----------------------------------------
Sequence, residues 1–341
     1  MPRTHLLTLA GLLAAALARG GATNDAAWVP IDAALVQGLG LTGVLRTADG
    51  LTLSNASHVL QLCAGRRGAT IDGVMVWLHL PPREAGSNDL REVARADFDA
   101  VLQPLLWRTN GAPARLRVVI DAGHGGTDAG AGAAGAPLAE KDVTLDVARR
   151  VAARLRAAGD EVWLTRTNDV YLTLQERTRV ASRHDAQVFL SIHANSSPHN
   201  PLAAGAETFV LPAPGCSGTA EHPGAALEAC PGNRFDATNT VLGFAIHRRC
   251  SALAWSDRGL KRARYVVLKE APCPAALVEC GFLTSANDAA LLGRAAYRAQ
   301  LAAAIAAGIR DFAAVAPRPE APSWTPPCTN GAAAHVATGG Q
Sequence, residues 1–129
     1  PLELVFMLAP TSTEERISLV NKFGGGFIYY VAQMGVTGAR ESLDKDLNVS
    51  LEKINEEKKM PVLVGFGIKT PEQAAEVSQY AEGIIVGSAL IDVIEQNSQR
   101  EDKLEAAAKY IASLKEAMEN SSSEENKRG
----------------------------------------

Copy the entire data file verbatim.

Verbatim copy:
Sequence, residues 1–341
     1  MPRTHLLTLA GLLAAALARG GATNDAAWVP IDAALVQGLG LTGVLRTADG
    51  LTLSNASHVL QLCAGRRGAT IDGVMVWLHL PPREAGSNDL REVARADFDA
   101  VLQPLLWRTN GAPARLRVVI DAGHGGTDAG AGAAGAPLAE KDVTLDVARR
   151  VAARLRAAGD EVWLTRTNDV YLTLQERTRV ASRHDAQVFL SIHANSSPHN
   201  PLAAGAETFV LPAPGCSGTA EHPGAALEAC PGNRFDATNT VLGFAIHRRC
   251  SALAWSDRGL KRARYVVLKE APCPAALVEC GFLTSANDAA LLGRAAYRAQ
   301  LAAAIAAGIR DFAAVAPRPE APSWTPPCTN GAAAHVATGG Q
Sequence, residues 1–129
     1  PLELVFMLAP TSTEERISLV NKFGGGFIYY VAQMGVTGAR ESLDKDLNVS
    51  LEKINEEKKM PVLVGFGIKT PEQAAEVSQY AEGIIVGSAL IDVIEQNSQR
   101  EDKLEAAAKY IASLKEAMEN SSSEENKRG